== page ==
Their sperm could benefit from a rapid-freezing process which preserves up to 80 per cent of sperm activity for IVF treatment, compared with up to 40 per cent using existing slow-freezing techniques.
The new vitrification method – which sees sperm plunged into liquid nitrogen – sees seminal plasma removed, meaning HIV and other viruses can be taken out, say experts from Chile and Germany.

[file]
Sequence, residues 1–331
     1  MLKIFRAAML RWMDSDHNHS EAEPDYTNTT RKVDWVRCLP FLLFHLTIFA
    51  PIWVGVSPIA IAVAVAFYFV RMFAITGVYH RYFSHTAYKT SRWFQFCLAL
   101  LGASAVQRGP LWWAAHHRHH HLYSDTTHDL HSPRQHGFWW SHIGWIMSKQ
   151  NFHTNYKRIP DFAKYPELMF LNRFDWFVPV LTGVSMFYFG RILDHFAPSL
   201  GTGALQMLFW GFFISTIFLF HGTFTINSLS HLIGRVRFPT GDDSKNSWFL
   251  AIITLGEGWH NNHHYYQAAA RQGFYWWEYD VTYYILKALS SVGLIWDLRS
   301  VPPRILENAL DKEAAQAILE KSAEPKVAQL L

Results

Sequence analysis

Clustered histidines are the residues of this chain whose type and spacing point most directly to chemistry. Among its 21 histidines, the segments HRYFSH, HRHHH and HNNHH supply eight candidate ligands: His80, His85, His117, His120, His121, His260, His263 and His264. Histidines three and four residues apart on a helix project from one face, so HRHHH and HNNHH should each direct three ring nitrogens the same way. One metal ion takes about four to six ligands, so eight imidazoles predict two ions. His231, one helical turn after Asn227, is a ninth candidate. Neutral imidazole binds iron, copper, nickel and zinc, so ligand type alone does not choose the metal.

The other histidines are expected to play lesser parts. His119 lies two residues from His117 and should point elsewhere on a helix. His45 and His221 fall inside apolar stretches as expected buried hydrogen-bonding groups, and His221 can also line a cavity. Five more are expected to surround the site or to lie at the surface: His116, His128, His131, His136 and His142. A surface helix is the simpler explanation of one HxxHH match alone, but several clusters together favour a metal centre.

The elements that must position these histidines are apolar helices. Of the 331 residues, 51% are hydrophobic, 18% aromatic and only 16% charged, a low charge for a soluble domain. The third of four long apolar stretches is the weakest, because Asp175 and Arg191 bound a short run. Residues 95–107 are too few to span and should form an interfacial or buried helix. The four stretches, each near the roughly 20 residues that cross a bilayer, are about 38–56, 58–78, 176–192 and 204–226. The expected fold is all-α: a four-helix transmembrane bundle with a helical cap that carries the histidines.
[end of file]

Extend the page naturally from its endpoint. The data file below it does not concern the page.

Vitrification is already used to quick-freeze eggs and embryos successfully for IVF treatment.
The findings were ‘very exciting’, said Ian Cooke, professor emeritus at Sheffield University.
‘In addition, the prospect of use with HIV positive patients has great potential, although we’d want to confirm the absence of residual HIV in sperm samples.’